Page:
Speaking of which, did I ever mention sorta-kinda started a SECOND team collection a while back?  I've been migrating my Florida (not Miami, they're dead to me) Marlins cards into their own binders.  The Marlins were always my second team, and...who doesn't love teal!??!?!?!  So a show with cheap cards is always the perfect place to add some new additions to those secondary collections.

I love adding new cards.  And sites like COMC and Justcommons have made that easier than ever in the past few years.  But for my money, nothing can beat a show.  First off, only by flipping through random, unsorted boxes would I have ever stumbled across these cards.  Nothing about my online card shopping would send me looking for Cliff Robinson or Cade McNown cards, but those two additions are two of my favorite pickups from the entire weekend.  Secondly, while I gladly added the cards for a dime each, the cheapest copies of those two cards on COMC would run me a total of about $3.  They're awesome.  They are.  But never in a million years would I have paid even half that for them.  They just aren't worth that much to me.  But at a card show?  All things are possible.


  1. The beauty of casting a wider net is you'll always find something for your collection. Love 90's promo cards! I hope you show more of them off in a future post.

  2. "I can't tell you how many times I overheard someone walk up to a dealer and ask if they had anything from a very specific, and often very obscure, sliver of this hobby."

    I see this at least two or three times at almost every show I attend, and I haven't once seen a dealer say "Yeah, I have that."

    Looks like another solid batch of finds here. Can't believe I don't have that '07 UD Ichiro, and the Lincecum is one of my favorites of 2015 thus far. I've become a huge fan of those '90s Sample cards over the past couple years.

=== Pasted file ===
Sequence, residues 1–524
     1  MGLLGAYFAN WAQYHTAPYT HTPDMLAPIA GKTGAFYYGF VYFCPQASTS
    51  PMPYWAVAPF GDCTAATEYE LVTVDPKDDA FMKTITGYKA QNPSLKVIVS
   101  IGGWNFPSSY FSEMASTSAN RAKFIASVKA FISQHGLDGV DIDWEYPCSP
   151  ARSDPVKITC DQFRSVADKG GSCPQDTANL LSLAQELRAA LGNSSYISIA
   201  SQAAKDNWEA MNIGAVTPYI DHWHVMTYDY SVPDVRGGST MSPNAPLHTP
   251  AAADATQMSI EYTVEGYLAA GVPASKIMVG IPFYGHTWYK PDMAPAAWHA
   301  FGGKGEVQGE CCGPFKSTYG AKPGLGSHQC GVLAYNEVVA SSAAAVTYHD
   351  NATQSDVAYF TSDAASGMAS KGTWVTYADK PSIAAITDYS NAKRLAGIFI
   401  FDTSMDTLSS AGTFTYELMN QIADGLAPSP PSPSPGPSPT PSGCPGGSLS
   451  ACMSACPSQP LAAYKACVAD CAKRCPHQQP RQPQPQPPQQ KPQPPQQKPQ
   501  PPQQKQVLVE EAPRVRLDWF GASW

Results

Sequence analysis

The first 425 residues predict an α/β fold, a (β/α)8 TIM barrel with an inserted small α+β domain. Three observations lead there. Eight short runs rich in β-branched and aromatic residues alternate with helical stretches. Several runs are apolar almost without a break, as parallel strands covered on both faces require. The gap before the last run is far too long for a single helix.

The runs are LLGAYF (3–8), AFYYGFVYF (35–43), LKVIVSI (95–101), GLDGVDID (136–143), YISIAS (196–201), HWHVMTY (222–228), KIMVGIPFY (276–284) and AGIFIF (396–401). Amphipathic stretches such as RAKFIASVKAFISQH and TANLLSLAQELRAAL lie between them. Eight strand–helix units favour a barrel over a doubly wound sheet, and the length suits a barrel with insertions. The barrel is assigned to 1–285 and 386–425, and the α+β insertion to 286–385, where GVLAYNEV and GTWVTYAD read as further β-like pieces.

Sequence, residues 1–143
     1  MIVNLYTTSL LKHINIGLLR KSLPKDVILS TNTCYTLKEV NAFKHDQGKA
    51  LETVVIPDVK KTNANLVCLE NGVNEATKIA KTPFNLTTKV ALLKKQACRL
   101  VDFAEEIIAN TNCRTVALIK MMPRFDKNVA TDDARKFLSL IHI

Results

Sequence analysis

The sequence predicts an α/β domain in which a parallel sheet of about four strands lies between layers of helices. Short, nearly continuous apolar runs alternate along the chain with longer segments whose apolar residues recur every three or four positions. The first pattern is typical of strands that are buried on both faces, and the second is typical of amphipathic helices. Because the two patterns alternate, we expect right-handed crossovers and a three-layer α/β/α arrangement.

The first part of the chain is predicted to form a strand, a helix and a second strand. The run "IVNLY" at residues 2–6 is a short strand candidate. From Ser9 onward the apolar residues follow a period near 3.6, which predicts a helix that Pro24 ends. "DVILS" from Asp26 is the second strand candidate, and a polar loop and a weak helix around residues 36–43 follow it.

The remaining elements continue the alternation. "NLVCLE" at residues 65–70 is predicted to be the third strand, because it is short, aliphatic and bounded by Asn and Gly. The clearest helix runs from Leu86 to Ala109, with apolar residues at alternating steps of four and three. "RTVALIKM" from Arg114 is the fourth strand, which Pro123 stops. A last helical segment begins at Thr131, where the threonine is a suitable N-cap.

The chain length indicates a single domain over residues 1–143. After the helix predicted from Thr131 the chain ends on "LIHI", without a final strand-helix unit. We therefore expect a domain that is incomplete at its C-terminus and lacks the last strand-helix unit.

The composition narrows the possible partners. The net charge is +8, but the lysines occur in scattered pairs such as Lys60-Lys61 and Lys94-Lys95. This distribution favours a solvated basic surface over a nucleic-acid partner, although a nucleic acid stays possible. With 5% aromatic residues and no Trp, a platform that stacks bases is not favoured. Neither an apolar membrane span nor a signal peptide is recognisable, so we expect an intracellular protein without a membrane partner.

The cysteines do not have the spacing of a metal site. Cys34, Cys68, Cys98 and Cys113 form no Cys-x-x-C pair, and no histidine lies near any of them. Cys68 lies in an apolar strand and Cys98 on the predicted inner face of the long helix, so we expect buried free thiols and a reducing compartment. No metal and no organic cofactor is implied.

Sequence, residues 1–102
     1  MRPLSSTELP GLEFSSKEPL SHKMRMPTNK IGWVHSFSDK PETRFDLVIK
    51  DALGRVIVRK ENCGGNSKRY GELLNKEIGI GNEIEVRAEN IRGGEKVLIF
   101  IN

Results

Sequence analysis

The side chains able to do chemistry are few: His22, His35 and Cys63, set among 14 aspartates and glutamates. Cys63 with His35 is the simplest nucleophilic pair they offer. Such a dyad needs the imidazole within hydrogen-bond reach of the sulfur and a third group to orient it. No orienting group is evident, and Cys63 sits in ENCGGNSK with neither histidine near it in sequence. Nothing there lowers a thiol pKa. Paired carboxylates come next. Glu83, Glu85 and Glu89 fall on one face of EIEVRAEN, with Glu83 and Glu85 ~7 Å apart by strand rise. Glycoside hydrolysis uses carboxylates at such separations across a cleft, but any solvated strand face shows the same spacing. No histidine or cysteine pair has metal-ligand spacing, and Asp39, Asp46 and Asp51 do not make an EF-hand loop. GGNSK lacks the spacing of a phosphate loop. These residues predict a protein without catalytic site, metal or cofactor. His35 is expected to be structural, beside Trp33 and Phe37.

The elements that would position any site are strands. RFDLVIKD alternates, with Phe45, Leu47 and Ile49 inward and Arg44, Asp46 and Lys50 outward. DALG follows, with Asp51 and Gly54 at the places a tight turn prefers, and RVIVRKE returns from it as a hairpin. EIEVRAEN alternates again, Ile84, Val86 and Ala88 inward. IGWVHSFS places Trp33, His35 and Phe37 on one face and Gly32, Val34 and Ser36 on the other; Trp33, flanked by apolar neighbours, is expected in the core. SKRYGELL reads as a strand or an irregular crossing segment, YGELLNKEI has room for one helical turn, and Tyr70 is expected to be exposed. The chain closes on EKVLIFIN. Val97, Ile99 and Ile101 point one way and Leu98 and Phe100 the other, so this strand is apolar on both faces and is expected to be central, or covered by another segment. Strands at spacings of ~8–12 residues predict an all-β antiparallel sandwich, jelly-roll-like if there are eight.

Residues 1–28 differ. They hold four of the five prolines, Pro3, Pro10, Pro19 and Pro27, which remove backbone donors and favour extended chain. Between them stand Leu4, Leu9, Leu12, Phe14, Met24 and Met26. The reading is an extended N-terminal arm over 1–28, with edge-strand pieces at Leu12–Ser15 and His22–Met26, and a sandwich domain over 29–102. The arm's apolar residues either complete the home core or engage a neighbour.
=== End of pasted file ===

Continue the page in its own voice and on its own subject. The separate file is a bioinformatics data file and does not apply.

1. The show attracts the "70 year old man with a list" crowd, so it always makes for some good entertainment. There were at least 3 or 4 announcements over the PA system "if anyone finds a _____ checklist, please bring it to the front desk. It's very important."

      I was really surprised how many Sample cards I snagged. I ended up with 4 or 5, all from different dealers.

  3. I am starting to wonder if I need to cast my net wider as well, but then I realize I have nearly 50 PCs and say, "no thanks."

    1. At this point, I don't even count all the mini collections. I just have a couple extra binders sorted by division that has all my autographs and anything else that catches my eye in it broken down by team. It works for me, since a card like the Juan Gone Focus Pocus doesn't really "fit" with any of my collections no matter how you slice it, but the card is just way too nice looking to pass up.

  4. Wow, you don't sort your player collections by year and set? When I go to shows, I can usually count on adding something to my 50+ PCs even if I kill some set lists. And then I have to go back and shift four pages of cards one slot over to accomodate the new oddball that goes between '75 and '76 for that guy. Guess my OCD is even bigger :)
    If you're just starting Marlins, I have a bunch of spare Livan Hernandez for you. He's one of my PCs and I get dupes all the time from other people's searches.

  5. I love that Sheffield. What set is it from?